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CCI order will have no impact on Google India’s robust growth: Experts

13-February-2018
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CCI order will have no impact on Google India’s robust growth: Experts

The Competition Council of India’s recent penalty on Google India for ‘search bias’ and abusing its ‘dominant position’ has become a point of debate among brand and marketing experts.

The penalty which amounts to 5 per cent of the average revenue generated by Google India comes to around Rs 137 crore. The tech giant has been directed to deposit it within two months. "Google was found to be indulging in practices of search bias and by doing so, it causes harm to its competitors as well as to users," the order said. The ruling follows complaints filed by Matrimony.com and Consumer Unity & Trust Society (CUTS) in 2012 against Google LLC, Google India Pvt Ltd and Google Ireland Ltd. Media agency experts believe that the CCI order will not have any significant impact on the tech giant given that it has shut down the processes which the commission found objectionable.

According to Tanya Chaudhary, Manager Brand Communications, Madison, “With this news, media professionals around the country will be more vary before using Google in the future. This is definitely a breach of trust and affinity that we enjoy when it comes to a company as big as Google. However, the fine levied by the Commission for infringing antitrust will not affect the company and its business per se as the company’s operation in India is enormous.”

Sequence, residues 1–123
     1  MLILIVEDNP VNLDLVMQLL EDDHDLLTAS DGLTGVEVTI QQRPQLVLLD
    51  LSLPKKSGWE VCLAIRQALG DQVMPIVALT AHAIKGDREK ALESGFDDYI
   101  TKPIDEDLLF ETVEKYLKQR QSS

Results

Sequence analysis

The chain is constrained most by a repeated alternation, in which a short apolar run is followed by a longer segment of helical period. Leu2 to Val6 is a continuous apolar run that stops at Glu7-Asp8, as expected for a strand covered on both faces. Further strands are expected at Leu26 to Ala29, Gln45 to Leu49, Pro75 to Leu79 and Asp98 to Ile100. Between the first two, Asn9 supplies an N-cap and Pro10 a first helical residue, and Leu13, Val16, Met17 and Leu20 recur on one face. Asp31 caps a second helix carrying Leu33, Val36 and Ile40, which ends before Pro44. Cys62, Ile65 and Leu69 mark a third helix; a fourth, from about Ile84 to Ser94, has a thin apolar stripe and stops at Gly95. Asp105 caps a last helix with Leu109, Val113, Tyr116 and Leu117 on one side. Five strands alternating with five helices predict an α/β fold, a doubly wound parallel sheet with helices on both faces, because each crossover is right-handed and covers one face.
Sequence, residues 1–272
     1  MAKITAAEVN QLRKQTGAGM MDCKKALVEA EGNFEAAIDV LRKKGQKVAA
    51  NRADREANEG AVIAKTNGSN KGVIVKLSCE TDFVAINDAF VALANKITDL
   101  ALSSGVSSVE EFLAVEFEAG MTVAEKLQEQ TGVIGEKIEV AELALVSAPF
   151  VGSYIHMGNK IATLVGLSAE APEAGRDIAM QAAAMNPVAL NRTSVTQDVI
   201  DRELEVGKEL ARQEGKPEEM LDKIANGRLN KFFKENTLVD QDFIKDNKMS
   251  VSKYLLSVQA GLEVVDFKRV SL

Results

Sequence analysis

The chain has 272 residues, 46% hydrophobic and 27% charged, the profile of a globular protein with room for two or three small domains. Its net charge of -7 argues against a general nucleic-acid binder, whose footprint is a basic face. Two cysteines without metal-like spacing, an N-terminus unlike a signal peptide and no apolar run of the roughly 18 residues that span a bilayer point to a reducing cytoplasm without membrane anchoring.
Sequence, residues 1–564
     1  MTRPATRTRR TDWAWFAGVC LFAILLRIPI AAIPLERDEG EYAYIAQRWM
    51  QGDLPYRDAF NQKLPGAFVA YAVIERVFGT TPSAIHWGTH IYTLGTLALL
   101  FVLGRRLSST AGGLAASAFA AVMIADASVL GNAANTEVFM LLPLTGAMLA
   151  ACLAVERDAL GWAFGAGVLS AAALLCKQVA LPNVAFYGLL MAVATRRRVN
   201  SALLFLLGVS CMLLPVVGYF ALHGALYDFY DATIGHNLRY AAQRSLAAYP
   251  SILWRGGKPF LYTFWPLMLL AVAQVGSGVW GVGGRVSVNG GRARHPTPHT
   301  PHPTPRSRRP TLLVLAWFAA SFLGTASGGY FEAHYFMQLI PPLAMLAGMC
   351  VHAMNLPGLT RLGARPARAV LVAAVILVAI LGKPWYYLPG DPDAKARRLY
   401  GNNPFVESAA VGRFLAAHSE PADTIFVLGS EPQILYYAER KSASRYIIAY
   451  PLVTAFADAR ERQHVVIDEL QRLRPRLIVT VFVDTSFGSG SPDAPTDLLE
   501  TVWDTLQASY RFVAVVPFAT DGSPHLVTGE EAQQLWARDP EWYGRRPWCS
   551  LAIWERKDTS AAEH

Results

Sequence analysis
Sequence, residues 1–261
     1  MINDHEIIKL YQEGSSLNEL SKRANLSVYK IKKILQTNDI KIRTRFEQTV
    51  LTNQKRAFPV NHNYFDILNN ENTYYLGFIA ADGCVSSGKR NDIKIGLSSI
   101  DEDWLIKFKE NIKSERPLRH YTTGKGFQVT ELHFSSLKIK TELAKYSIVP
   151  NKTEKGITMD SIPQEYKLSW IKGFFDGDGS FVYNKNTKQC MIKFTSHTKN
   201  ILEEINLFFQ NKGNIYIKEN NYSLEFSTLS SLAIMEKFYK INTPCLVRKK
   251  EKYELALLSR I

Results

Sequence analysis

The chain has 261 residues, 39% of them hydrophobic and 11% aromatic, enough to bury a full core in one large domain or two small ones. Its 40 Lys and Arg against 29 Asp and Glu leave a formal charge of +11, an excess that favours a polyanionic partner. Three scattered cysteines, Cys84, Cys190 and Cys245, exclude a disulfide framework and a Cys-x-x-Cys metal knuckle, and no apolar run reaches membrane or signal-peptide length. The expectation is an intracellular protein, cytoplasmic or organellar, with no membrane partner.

"We have always focused on innovating to support the evolving needs of our users. The Competition Commission of India has confirmed that, on the majority of issues it examined, our conduct complies with Indian competition laws. We are reviewing the narrow concerns identified by the Commission and will assess our next steps," said Google in its official statement.

While Google remains unaffected by this development, there are reports that Matrimony.com, which had filed the original complaint against Google, could appeal against the CCI’s ruling as it believes that it will not address the issue of “abuse” of web traffic in a proper manner.

Though all the major brands have refrained to comment on the order, there are some players who claim that the CCI order has resulted in some kind of trust deficit. “This development has resulted in certain trust deficit with Google. Moving forward we would evaluate other options to reduce dependency on search engine”, said Sushil Matey, Director Marketing, Livpure.

It is important to mention that the CCI order has favored the tech giant on nine out of almost twelve counts. However the order has once again brought to focus the need for a more robust regulatory framework which a data economy merits--a debate which is likely to rage on.

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